Have you ever been so excited to go on a trip that you could jump out of your skin? You count the days until you board the plane, and you research everything that you can find about your next destination? The day finally arrives, and you are standing in your destination ready to see all it has to offer. This is how I started my trip to the Great Barrier Reef.
It was a long plane ride from Canada (via Dallas-Fort Worth) to Sydney. One of the largest cities in Australia, Sydney is a vibrant city filled with tourist attractions. Visit the iconic Sydney Opera House, walk along Darling Harbour or climb the Sydney
Harbour Bridge if you dare! For more “off the beaten path” opportunities, visit The Rocks, a lively, yet laid-back artistic area filled with art galleries, weekend markets and great restaurants made for people-watching. Visit Featherdale Wildlife Park where you have the privilege of up-close encounters with local wildlife, including kangaroos running free—but don’t cuddle the koalas as it is against the regulations of New South Wales. No worries mate…you can stand next to then for that great photo op. Try catching a wave at Bondi or Manly Beaches. There is plenty to do in and around this large, metropolitan city to keep you busy for days.
But I flew here for one purpose: The Great Barrier Reef. It was time to come face to face with the beautiful coral and countless species of fish.
After spending a few wonderful days exploring Sydney, we board our final flight to Cairns (pronounced Cannes by the locals). The weather was perfect, the flight was smooth and three-hours later we arrived! What struck me was the distance between various regions in Australia. In three-hours I can fly from Toronto to Florida, but this trip took us to north-east Queensland. Cairns is commonly referred to as the gateway to the Great Barrier Reef. My first impression was a ‘hippy’ town where locals work to live instead of living to work. Perhaps they have found that elusive work/life balance.
A long esplanade winds through the town which is lined with a wide-variety of restaurants offering local fare such as crocodile and kangaroo skewers, Italian and pub-style food, Asian-fusion, French, Middle Eastern and a few chain restaurants such as KFC and Baskin Robbins, both of which seem out of place in this tropical town. The Cairns esplanade is adjacent to a swimming lagoon and barbecue area with a wonderful walking path. The temperature hovers between 25֯ to 32֯, with hot, humid summers and milder winters. The wet season runs from November to May so plan accordingly.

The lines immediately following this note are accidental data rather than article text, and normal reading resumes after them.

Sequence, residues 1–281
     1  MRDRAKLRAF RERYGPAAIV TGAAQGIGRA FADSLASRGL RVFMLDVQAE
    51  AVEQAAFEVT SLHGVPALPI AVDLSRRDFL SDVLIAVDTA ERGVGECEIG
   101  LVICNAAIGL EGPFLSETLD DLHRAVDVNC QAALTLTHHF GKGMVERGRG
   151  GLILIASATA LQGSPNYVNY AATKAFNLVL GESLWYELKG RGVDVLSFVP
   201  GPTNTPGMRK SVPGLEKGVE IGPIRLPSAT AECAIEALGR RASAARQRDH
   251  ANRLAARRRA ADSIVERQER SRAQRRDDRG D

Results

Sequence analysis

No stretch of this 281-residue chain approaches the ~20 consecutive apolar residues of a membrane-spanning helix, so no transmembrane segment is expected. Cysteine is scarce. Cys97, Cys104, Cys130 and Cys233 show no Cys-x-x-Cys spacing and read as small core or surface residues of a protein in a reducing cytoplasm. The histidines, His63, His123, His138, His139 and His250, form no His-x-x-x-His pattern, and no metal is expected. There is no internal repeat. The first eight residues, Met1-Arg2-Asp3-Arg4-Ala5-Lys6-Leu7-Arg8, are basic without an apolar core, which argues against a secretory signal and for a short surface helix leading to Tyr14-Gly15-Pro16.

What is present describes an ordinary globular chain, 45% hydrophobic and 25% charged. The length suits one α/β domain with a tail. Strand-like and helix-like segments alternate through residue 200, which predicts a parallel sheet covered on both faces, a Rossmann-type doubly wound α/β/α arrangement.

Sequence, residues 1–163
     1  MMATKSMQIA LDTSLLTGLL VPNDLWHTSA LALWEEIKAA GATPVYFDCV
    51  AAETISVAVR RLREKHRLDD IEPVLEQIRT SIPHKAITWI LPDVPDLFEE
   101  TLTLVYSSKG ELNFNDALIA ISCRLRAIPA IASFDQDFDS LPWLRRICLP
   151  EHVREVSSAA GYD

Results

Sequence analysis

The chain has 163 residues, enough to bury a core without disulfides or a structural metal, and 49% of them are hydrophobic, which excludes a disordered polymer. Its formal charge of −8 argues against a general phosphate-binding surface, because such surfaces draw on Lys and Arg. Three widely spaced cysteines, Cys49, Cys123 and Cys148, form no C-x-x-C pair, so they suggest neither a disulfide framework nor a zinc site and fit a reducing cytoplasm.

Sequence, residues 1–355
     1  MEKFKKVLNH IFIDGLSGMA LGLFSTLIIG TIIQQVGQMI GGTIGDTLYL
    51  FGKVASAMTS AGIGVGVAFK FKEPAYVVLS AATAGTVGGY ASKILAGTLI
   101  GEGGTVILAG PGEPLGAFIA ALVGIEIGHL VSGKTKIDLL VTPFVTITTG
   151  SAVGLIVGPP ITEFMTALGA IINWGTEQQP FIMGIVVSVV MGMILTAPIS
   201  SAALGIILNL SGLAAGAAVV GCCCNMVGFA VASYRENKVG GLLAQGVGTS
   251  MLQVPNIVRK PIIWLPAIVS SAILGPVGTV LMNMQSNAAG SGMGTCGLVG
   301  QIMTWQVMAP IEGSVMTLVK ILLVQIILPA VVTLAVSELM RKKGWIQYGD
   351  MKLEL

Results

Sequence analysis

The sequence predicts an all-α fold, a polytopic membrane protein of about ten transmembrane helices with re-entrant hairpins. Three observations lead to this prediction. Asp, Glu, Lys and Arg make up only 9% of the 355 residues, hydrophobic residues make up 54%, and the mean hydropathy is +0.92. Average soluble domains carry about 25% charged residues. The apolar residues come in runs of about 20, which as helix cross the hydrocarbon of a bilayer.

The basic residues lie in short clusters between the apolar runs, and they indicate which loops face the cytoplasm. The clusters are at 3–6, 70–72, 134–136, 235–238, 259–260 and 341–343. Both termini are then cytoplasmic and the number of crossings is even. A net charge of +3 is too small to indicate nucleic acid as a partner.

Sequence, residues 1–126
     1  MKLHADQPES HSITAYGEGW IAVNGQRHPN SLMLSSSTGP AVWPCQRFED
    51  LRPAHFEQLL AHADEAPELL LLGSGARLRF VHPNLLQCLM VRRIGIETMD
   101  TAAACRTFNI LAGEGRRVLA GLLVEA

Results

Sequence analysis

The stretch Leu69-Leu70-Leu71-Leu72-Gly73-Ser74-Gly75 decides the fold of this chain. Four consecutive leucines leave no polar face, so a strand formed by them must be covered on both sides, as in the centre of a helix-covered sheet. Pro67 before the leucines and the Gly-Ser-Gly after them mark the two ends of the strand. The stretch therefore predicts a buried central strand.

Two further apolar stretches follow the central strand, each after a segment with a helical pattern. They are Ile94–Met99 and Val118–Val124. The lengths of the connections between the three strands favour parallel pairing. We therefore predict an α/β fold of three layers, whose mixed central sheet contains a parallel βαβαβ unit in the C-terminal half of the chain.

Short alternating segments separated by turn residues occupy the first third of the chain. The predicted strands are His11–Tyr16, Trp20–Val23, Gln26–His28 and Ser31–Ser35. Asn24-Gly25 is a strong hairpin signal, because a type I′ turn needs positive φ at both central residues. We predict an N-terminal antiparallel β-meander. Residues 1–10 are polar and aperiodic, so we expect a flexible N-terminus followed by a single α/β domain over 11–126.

After doing all the touristy things in Sydney, we were instantly struck by the heat and the easy-going vibe offered up to visitors. The open-air cafés, the tropical flora and fauna allowed me to take a deep breath and let my shoulders fall away from my ears.
For those who are daring, visit the Cairns ZOOM and Wildlife dome, located at the top of the Reef Hotel & Casino. Try out the ropes obstacle course or the three ziplines, one of which zips you over Goliath, a four-metre long saltwater crocodile.
For the adventurous types, try the edge-walk around the outside of the casino’s domed roof. It is acceptable to cuddle a koala in Queensland. These sleeping beauties are the most adorable creatures up close. The koala’s cuddling time with the public is limited as they are nocturnal animals and sleep up to 18 hours during the day. A handler pays close attention to, and limits, the cuddle time with these beautiful animals. An argument can be made to leave the animals in their wild habitat, but an equal argument can be made about the need to learn about koala’s first-hand, which includes the opportunity to hold one. I have to say I am somewhat conflicted, but I did learn quite a bit from this experience. The Queensland koala is listed as vulnerable on the threatened species list. Some of the threats include cats and dogs, deforestation, bush fires and a loss of their natural habitat due to land development. Koalas cannot see very well at night and use their hearing to determine if predators are nearby. The gestational period for a koala is only 35 days. Baby koalas are called ‘joeys’. Joeys are about the size of a jellybean at birth. They are blind, have no hair and crawl into their mother’s ouch for the next six-eight months. Interesting stuff!
I highly suggest renting a car and driving north along the Captain Cook Highway. An easy drive from Cairns is Port Douglas, the middle point between Cairns and Daintree National Park, a natural rainforest. Stroll along Four-Mile Beach or take a boat ride in search of crocodiles! Tuck into a great meal or take a tour of the outer parts of the Reef. If you find yourself in Port Douglas on a Sunday, try a coconut or curry lunch from the Sunday market. On the way to Port Douglas, stop at Rex Lookout. The view of the water back towards Cairns is striking. If you are lucky, you will catch hang-gliders or tandem gliders jumping from this point. Rex Lookout is located along a winding stretch of road to watch out for traffic jams or jay-walking tourists.